Of course, I was brought up to believe if I work hard and long enough at something, I would be valued and promoted accordingly, until I reached the level of monetary status I wanted to achieve. Working hard when I was young, building a savings account for my future was the only things that mattered to me. That meant 10 years without calling in sick, working every shift my boss gave me without complaint; including working until midnight 5 days a week for 4 years. I worked overtime when I held a management position. In fact my first 7 years at Canada Safeway I had accumulated enough sick, vacation and ‘accumulated time off’ to get an additional 8 weeks off with pay on top of my 3 weeks of paid vacation and statutory holiday pay. I worked hard, missed most family events and lost many dear friends. I even had a part-time job to go along with my full-time job. I did not value my time in the slightest. I was a slave to the dollar.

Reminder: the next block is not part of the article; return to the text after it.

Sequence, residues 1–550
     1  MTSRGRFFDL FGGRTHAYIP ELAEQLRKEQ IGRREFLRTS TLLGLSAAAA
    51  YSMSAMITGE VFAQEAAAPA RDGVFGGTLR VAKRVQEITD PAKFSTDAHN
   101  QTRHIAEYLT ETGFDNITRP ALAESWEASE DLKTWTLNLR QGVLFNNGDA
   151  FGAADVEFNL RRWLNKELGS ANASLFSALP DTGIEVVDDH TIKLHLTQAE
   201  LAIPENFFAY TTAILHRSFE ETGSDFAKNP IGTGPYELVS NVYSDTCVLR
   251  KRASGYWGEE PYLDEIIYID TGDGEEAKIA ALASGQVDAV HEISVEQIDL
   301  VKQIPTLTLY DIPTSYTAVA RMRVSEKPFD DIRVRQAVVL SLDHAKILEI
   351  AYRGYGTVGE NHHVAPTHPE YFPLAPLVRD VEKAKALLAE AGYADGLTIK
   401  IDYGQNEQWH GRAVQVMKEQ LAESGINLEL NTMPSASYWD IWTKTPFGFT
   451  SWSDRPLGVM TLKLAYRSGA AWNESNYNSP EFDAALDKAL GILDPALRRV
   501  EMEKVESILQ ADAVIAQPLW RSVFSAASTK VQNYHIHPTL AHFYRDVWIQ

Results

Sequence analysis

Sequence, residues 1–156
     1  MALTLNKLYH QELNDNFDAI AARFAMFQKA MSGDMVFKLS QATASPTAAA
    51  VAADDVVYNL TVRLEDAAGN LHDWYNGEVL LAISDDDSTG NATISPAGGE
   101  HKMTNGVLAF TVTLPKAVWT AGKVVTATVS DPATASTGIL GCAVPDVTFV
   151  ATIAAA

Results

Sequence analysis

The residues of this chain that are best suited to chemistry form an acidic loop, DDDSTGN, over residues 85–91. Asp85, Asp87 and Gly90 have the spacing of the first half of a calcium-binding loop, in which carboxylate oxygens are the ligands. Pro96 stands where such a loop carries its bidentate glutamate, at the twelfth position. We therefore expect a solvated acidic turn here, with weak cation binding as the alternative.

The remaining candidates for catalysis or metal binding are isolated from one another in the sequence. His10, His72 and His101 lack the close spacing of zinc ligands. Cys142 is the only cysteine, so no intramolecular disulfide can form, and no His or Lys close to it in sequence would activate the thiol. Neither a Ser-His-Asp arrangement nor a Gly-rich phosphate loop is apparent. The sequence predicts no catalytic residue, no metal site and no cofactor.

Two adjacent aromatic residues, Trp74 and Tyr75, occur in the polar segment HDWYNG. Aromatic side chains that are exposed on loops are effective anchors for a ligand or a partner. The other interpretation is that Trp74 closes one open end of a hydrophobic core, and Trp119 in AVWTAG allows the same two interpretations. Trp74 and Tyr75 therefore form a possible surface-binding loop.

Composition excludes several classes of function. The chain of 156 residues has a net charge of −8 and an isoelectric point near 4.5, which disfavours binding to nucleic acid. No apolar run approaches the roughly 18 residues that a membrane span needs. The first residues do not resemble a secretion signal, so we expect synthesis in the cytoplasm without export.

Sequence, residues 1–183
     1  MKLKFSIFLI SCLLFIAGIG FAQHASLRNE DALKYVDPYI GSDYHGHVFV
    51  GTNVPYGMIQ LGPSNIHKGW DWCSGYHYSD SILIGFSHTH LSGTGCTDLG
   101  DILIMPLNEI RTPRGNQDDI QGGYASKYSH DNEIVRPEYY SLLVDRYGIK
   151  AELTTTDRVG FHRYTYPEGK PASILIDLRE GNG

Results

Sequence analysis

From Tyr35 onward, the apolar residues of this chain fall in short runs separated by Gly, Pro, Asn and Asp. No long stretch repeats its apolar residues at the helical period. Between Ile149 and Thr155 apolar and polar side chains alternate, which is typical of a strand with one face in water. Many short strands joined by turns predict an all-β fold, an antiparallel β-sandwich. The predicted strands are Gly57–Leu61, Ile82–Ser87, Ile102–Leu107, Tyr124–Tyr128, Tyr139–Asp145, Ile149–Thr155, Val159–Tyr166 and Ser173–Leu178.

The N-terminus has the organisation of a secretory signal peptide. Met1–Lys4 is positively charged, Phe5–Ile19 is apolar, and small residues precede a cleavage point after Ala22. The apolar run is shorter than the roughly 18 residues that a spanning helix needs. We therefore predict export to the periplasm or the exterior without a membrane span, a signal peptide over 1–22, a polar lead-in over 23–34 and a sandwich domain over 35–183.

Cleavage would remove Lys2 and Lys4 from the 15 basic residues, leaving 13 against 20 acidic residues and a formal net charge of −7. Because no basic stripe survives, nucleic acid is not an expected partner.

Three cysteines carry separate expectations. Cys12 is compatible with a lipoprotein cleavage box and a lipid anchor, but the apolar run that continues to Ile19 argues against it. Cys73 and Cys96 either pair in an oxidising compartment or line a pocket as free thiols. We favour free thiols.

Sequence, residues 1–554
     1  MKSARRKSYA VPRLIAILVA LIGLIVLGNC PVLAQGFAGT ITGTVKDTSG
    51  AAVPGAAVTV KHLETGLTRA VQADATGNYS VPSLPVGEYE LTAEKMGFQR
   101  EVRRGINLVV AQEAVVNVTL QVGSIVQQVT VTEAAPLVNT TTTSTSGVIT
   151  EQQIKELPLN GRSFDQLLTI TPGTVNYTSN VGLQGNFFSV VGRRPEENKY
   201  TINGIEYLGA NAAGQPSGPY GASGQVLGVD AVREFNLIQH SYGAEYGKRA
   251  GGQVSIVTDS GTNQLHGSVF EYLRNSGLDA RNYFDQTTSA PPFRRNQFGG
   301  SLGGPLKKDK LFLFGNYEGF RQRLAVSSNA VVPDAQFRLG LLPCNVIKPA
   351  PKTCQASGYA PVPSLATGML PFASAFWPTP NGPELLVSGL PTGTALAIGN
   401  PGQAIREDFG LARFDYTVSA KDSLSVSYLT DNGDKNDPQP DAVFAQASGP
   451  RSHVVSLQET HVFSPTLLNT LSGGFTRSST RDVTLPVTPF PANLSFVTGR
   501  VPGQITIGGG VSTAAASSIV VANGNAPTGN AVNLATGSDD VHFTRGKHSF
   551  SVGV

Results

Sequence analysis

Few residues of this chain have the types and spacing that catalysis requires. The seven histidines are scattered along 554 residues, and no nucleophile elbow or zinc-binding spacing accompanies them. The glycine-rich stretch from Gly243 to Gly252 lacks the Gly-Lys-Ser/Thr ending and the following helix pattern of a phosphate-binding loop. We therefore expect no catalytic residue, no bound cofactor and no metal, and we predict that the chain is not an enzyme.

When I reached my late 20’s, I noticed a high turnover in younger people doing the same job I was doing. They did not want to work evenings past 5:00 pm or the weekends, because that was their time with their friends and families. They worked few holidays and most were fired. Eventually management had to appease some of these people to fill the positions. Imagine the reaction of our senior employees watching the new staff members leave earlier than them or not show up for their holiday shifts at all. The pendulum was about to swing, and changes were coming.

For years I thought what a lazy bunch of workers. How will they ever get ahead? I actually felt sorry for them, their lack of work ethic, one that was drilled into me by my immigrant parents.

Rules I grew up with

#1 Never quit a job before having a new one.

#2 Never say no to work

#3 Always respect your boss, as if he was god

#4 Do as your boss says, no matter what

My parents came from communist Hungary, brought up by parents who went through the war. They came from thick stalk, raised on farms and the work ethic and when they came to Canada they assumed the same rules apply. Sure, to follow these rules do work if you want to be one spoke on the tire and not the driver of the car. The rules will only get you one position in life; the worker.